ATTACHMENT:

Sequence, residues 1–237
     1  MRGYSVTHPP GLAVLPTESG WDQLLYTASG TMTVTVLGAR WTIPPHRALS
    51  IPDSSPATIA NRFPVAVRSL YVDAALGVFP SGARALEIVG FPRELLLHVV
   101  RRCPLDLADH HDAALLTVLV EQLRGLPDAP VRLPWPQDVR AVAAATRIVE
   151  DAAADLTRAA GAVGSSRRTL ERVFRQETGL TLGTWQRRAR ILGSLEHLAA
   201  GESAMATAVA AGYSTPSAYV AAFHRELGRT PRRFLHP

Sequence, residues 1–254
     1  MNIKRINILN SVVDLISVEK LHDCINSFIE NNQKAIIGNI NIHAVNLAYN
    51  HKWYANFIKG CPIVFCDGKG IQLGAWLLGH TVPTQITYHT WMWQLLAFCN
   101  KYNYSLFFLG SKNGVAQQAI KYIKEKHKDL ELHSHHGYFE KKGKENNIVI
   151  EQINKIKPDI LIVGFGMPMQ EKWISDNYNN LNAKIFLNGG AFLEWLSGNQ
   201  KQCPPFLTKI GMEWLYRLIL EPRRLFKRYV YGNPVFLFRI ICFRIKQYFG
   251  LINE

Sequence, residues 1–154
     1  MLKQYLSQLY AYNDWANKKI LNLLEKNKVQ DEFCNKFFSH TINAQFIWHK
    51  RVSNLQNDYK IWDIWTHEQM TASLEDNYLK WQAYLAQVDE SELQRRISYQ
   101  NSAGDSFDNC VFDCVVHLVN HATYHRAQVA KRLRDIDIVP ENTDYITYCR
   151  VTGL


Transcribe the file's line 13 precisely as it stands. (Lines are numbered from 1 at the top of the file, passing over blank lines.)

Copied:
   251  LINE